By Saule Tasbulatova
The consortium is tight-lipped as the production stalling at Kashagan is likely to continue indefinitely, and the longer the silence is the worse are forecasts.
Addendum. The last warning?
The backstory begins in 2007 when Eni proposed to delay oil flow at the field from 2008 to 2010 and increase the project budget from $57bn to $136bn causing sharp response of Kazakh authorities who, in turn, demanded an appropriate compensation and a greater role in the project for the national oil and gas company KMG.
On October 31, 2008, Kazakhstan achieved signing a document in addition to the production share agreement to strengthen influence in the Kashagan project by raising KMG's share from 8.33% to 16.81%; toughening control over budget and project completion schedules, that is, if commercial output failed to begin until October 1, 2013, spendings of the consortium would not be repaid by Kazakhstan; and toughening sanctions for delay of commercial output after 2008 from annual $50m to $120m in 2012.
Kashagan: not the sole trust
Asked on the situation emerged around Kashagan and possible consequences of delay, the director of Macroeconomic Studies Center Olzhas Kudaibergenov says:
"$136bn is the total budget of the Kashagan project, of which nearly $43bn have already been spent. These include the Phase 1 spending that ensures output between 370,000-450,000 barrels a day. Given this, Phase 1 operations are still unfinished. The most part of the remainder will go to Phase 2 that envisages full completion of the project eyed to finish in 2018-2019. Then, production will grow by another 1 million barrels.
Olzhas Kudaibergenov, Macroeconomic Studies Center
Of $43bn about $10bn was spent on local goods and services. Seemingly, the proportion applies to the whole budget.
As to general profitability of the project can comment the company's representatives only. I can say, given $100 per barrel, the revenue side in the volume of extractable reserves can be estimated at $600bn. Have no idea concerning the expense side."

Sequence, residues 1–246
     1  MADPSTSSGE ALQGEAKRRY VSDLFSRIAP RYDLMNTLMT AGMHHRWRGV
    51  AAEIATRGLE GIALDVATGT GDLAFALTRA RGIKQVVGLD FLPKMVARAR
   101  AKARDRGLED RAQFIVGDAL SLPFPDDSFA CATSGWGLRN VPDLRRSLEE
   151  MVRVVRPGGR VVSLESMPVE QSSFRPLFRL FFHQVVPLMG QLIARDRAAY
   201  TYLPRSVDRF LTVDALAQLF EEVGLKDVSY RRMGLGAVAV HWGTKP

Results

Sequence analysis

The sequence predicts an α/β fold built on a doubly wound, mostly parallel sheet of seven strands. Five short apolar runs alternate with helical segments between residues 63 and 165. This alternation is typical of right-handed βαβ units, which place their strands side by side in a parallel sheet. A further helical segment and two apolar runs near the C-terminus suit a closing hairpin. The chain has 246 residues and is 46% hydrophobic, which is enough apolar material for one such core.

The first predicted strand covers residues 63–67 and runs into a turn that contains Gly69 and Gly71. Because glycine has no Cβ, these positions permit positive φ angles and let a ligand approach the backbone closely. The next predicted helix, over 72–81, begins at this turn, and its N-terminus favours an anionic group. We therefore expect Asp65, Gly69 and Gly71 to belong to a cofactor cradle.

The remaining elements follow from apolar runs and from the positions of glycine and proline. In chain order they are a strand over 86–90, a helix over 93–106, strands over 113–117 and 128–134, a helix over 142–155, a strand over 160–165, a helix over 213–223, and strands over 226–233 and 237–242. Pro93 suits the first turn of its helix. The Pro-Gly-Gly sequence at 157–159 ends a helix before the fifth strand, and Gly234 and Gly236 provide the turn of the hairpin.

Will possible delay at Kashagan affect the country's economy?
"It is planned to pump out 370,000-450.000 barrels a day in the first stage, that's 18-22 million tons in a year. We have two scenarios of economical impact: first - if the production at 'mature' fields remains stable, the country's oil production won't be affected and the economy won't suffer from the stoppage. Just the expected boost will be postponed. But if production decreases, the export will also fall entailing economical growth reduction. As production at 'mature' fields is being recovered, the first scenario is more likely to happen."
When full return of the consortium's expenses is expected? Is it expected at all?
"With account of the spending spree and uncertainty in production rate, payback time will of course be longer than expected, I can't say how long. The money will certainly return, if a barrel of oil costs no less than $100."
Considering that one of the project participants is the national company - KMG - how much the Kazakh economy is losing in a day while the output at Kashagan remains stopped?
"The loss is equal to the cost of unproduced oil. At the starting phase the output had to make nearly 180,000 barrels a day, that means we are losing roughly $18-20m every day."
How realistic, do you think, is the oil price of $90 for a barrel envisioned in Kazakhstan's budget for the next three years?
"At large, it is realistic. They even were slightly skeptical when taking this sum. We will know the trends of prices at the beginning of the next year when will happen events that affect oil prices."